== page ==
NASA, Boeing team up to develop lower-emissions aircraft
NASA will invest $425 million over seven years in the "Sustainable Flight Demonstrator" (SFD) project while Boeing and its partners will spend an estimated $725 million.
The US space agency NASA is teaming up with aviation giant Boeing to develop a next-generation commercial aircraft that emits less carbon.
NASA, whose purview also includes aeronautical research, will invest $425 million over seven years in the "" (SFD) project while Boeing and its partners will spend an estimated $725 million.
The goal is to produce future commercial airliners that are "more fuel efficient, with benefits to the environment, the commercial aviation industry, and to passengers worldwide," NASA chief Bill Nelson said.
"If we are successful, we may see these technologies in planes that the public takes to the skies in the 2030s," Nelson said in a statement on Wednesday.
The agreement calls for NASA and Boeing to build, test, and fly a full-scale single-aisle demonstrator aircraft.
"The technologies demonstrated and tested as part of the SFD program will inform future designs and could lead to breakthrough aerodynamics and fuel efficiency gains," Boeing said.
Boeing chief engineer Greg Hyslop said it "has the potential to make a major contribution toward a sustainable future."
Engineers will be seeking to design an aircraft with fuel consumption and emissions reductions of up to 30 percent relative to today's most efficient single-aisle aircraft, NASA said.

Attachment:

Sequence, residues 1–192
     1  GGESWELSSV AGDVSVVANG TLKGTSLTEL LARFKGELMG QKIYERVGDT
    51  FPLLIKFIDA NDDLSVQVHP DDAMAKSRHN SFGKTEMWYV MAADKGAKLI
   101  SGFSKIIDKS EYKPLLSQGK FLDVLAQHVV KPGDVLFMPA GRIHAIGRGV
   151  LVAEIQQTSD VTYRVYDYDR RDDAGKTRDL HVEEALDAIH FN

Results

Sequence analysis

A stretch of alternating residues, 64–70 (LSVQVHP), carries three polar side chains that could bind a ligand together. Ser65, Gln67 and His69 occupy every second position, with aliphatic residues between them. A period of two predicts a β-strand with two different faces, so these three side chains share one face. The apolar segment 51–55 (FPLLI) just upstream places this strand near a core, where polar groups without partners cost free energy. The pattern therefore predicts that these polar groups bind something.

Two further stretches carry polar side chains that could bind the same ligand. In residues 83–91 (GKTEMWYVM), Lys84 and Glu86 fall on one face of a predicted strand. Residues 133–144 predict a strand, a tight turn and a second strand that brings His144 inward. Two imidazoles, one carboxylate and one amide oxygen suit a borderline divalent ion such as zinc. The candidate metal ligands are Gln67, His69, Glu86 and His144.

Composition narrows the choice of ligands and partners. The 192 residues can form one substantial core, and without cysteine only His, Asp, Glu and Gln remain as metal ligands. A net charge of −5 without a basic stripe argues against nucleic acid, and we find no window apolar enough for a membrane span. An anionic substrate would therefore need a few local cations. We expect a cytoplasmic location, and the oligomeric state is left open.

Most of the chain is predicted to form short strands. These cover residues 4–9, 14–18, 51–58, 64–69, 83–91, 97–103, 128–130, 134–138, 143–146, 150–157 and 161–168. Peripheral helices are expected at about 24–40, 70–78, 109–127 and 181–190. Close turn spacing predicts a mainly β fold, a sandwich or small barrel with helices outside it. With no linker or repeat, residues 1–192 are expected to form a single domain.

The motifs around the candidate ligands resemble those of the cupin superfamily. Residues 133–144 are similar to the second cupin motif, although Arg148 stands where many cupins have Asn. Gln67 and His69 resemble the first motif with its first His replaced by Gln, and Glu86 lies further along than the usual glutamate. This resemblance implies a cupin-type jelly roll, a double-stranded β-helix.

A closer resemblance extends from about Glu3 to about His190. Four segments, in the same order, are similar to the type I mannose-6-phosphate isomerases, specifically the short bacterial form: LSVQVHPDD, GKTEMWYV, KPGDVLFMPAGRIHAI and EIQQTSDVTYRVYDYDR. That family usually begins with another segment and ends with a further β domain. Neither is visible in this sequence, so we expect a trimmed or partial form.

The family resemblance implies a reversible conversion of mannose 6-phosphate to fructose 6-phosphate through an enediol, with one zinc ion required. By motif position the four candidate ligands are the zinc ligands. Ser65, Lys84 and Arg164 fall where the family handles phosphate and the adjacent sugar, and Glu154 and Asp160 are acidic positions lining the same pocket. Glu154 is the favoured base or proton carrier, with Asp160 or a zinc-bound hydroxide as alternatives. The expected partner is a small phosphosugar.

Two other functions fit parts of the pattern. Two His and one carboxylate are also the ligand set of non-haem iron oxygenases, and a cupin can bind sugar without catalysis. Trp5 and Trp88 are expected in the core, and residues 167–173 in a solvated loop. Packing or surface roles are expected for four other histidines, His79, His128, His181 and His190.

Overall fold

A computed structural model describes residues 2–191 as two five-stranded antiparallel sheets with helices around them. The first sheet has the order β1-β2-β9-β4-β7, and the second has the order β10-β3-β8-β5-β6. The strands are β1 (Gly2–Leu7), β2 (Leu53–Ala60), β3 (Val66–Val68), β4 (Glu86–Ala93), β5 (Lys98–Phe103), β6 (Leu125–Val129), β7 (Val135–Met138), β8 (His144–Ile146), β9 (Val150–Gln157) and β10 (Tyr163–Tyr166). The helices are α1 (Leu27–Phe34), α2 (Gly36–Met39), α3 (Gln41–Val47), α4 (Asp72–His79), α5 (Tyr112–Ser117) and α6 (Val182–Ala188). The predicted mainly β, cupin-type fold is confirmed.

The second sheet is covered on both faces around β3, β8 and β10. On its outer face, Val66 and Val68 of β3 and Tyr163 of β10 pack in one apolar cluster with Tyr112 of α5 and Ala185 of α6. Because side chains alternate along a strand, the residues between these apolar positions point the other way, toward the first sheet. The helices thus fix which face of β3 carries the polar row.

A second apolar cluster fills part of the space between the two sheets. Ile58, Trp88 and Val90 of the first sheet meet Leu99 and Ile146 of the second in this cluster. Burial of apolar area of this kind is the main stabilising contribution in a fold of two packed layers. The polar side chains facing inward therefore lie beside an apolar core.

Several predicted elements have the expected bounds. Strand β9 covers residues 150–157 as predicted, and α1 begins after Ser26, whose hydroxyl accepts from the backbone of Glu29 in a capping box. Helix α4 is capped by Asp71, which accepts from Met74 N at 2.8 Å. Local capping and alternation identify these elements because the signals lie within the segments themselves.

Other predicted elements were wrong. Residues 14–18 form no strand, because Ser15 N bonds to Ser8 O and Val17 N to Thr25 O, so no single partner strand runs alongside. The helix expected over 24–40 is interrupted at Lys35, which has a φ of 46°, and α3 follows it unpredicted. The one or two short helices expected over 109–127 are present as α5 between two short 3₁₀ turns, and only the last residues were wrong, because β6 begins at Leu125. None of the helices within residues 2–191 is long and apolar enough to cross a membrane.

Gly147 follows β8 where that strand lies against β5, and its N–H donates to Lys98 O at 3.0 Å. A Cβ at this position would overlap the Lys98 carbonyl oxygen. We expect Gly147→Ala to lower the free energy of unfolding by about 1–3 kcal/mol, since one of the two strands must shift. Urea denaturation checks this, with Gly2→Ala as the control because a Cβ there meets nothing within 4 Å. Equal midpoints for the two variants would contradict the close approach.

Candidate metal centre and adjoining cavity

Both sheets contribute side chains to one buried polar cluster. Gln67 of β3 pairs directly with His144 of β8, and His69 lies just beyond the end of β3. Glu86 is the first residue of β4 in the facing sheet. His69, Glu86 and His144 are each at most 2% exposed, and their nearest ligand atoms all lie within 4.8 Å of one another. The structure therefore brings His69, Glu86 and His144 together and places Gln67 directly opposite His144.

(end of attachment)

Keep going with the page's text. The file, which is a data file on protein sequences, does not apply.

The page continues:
The agency plans to complete SFD testing by the late 2020s so the technologies and design can be applied to the next generation of single-aisle aircraft.
Single-aisle aircraft are the most common in airline fleets and account for nearly half of worldwide aviation emissions, NASA said.
Boeing and NASA plan to flight-test an innovative wing known as the transonic truss-braced wing that creates less drag and results in the burning of less fuel.
The extra-long, thin wings are mounted on top of the fuselage and stabilized by diagonal struts.
NASA and Boeing said development of the next-generation plane could help meet the White House and industry's objective of net-zero carbon emissions from aviation by 2050.
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